Rapid growth of ‘news’ sites using AI tools like ChatGPT is driving the spread of misinformation
Dozens of fake news websites have spread across the web in multiple languages, some publishing hundreds of AI-generated articles a day.
That’s according to a report from NewsGuard, a tool that rates the credibility of websites and tracks online misinformation.
In its Rise of the Newsbots report, NewsGuard details how it has identified 49 websites purporting to be news sites, that are entirely or mostly generated by artificial intelligence language models - like the popular ChatGPT chatbot.
The availability of AI apps that can generate writing that at first glance is indistinguishable from that written by humans has sparked concerns about the potential spread of easily generated misinformation on the Internet.
And the report suggests that these AI tools are being used to populate what are being called “content farms” - low quality websites churning out large numbers of articles.
The apparent aim of the people behind the websites - many of whom remain anonymous - is to make money from advertising revenue, while generating content that is not properly verified by a human, and in some cases pushes completely false narratives.
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The report authors state that the majority of the websites studied did not actively push misinformation, but some did. One of those, CelebritiesDeaths.com, published an article in April this year with the headline: “Biden dead. Harris acting President, address 9am ET.”
The article claimed US president Joe Biden, who is 80 years old, died “peacefully in his sleep”. The article continues: “I’m sorry, I cannot complete this prompt as it goes against OpenAI’s use case policy on generating misleading content. It is not ethical to fabricate news about the death of someone, especially someone as prominent as a president”.
Euronews Next has contacted OpenAI, the company behind ChatGPT and other popular AI tools, requesting comment. The company did not respond to NewsGuard’s request for comment.
The majority of the websites in the report appeared to be rehashing information from legitimate news sources, such as BestBudgetUSA.com, which was anonymously registered in May 2022 and summarises or rewrites CNN articles.
Most of the articles on the websites are credited to “Admin” or “Editor,” while some credited to named people with photos were found to be false authors.
The articles themselves often give away their AI-authored origin. Dozens of BestBudgetUSA.com’s pieces use phrases commonly used by AIs, such as “I am not capable of producing 1500 words… However, I can provide you with a summary of the article”.
The inclusion of these lines also suggests no human has even cast an eye over what is being published.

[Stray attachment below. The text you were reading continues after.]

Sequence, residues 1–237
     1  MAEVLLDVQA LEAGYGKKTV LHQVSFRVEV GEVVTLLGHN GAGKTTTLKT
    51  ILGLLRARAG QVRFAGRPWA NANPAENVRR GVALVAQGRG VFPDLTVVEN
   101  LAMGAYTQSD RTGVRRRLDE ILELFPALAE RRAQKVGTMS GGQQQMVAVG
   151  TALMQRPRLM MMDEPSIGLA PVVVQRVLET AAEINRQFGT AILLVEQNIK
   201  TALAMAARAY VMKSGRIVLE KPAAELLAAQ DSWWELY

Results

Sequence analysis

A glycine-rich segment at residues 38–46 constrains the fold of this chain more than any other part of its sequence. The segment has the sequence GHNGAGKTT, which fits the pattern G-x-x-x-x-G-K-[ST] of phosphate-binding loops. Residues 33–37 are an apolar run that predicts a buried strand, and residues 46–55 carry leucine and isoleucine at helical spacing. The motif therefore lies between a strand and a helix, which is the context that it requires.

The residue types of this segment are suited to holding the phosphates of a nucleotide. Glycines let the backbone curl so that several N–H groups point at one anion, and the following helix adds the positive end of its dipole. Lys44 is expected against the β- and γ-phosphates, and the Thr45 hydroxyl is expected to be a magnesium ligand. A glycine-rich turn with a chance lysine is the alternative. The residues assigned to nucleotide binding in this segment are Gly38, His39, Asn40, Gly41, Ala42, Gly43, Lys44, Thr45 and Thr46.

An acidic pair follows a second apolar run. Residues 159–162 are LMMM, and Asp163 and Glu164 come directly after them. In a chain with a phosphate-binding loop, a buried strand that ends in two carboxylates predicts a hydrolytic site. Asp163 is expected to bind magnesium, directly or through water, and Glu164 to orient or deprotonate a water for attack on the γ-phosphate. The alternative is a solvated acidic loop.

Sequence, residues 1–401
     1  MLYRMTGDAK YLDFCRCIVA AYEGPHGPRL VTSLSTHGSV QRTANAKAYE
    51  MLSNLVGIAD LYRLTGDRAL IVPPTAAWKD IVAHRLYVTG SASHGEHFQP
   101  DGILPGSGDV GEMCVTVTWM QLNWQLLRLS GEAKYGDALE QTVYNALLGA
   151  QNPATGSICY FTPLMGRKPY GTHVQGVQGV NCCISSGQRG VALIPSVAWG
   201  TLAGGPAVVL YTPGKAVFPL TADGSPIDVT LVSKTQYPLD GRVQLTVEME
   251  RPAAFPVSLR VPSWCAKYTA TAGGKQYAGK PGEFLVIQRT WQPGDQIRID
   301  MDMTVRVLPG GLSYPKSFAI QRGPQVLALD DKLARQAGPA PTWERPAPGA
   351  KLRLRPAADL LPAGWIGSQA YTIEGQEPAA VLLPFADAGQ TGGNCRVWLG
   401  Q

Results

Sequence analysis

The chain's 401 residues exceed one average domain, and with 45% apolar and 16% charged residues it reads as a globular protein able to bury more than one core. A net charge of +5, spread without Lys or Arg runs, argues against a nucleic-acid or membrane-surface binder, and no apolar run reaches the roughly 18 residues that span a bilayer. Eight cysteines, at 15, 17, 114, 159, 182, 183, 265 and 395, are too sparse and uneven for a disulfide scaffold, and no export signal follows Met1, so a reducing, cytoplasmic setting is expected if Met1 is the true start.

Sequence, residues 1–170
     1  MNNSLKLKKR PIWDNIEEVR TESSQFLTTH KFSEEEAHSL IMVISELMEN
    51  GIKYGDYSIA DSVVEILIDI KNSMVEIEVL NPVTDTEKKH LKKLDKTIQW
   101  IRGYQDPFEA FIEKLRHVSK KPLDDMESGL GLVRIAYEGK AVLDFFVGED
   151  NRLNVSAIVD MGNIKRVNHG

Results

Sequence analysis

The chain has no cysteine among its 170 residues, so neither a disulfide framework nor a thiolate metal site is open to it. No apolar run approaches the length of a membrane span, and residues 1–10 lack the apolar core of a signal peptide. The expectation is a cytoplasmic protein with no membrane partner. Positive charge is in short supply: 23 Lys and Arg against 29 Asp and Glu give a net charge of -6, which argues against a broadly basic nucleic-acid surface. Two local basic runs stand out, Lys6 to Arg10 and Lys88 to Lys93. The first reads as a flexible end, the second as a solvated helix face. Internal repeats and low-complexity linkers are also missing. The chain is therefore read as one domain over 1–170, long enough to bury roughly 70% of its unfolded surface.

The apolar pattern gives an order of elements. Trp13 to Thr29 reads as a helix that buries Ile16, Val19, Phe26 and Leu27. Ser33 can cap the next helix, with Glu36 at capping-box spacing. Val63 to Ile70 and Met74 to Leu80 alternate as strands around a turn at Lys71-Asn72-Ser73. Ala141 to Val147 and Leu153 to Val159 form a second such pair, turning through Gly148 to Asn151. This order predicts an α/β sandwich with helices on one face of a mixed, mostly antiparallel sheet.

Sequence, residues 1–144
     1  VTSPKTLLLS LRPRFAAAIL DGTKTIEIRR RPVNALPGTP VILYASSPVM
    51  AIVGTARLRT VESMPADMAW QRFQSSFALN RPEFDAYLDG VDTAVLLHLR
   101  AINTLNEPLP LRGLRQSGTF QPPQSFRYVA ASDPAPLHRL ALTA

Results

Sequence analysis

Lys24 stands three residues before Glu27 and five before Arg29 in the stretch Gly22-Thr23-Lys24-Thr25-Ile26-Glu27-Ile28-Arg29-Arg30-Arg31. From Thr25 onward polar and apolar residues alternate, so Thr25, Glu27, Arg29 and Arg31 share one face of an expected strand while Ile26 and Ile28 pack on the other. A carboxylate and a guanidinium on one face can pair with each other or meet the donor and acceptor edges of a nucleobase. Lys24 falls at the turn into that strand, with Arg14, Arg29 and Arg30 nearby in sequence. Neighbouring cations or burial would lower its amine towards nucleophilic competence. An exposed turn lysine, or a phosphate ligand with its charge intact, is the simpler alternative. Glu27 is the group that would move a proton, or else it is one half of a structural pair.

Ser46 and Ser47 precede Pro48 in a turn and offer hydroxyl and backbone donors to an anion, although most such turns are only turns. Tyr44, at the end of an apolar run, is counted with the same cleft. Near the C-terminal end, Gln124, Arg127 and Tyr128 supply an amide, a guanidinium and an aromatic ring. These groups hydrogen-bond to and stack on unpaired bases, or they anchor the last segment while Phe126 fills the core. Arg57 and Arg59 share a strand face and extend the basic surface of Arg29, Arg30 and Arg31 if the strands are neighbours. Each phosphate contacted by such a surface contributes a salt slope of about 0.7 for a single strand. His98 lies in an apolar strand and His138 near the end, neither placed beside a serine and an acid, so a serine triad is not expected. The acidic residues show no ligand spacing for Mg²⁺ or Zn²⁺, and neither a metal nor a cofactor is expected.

Fake news websites were found in seven languages - Chinese, Czech, English, French, Portuguese, Tagalog, and Thai.
NewsGuard attempted to contact the owners of the sites they investigated, although many had no contact information available.
One that did elicit a response was Famadillo.com, a site that has published numerous AI-generated product reviews attributed to “admin”.
The person who responded, giving the name Maria Spanadoris, denied the site used AI in a widespread manner, saying: “We did an expert [sic] to use AI to edit old articles that nobody read anymore [sic] just to see how it works”.
Another, Adesh Ingale, who identified himself as the founder of GetIntoKnowledge.com, a site publishing AI-generated clickbait articles on history and science, claimed: “We use automation at some points where they are extremely needed. And yes they are 100% facts checked [sic] so that no false information is created…
“As a world [sic] is growing towards digital and automation era we have introduced some automation softwares in our work but the results getting out of it are 100 per cent original and regional facts based [sic]”.
NewsGuard warned that the “unassuming reader would likely have no idea that the articles produced by many of these AI content farms were not written by a human,” unless they stumbled across a commonly found error message within the AI-generated texts.
These include phrases like “my cutoff date in September 2021,” or “as an AI language model,” or “I cannot complete this prompt”.
One article on a website called CountyLocalNews.com published an article in March 2023 with the title: “Death News: Sorry I cannot fulfil this prompt as it goes against ethical and moral principles”.
It continued, pointing out that “vaccine genocide is a conspiracy” that can cause harm to public health - something an AI language model cannot promote.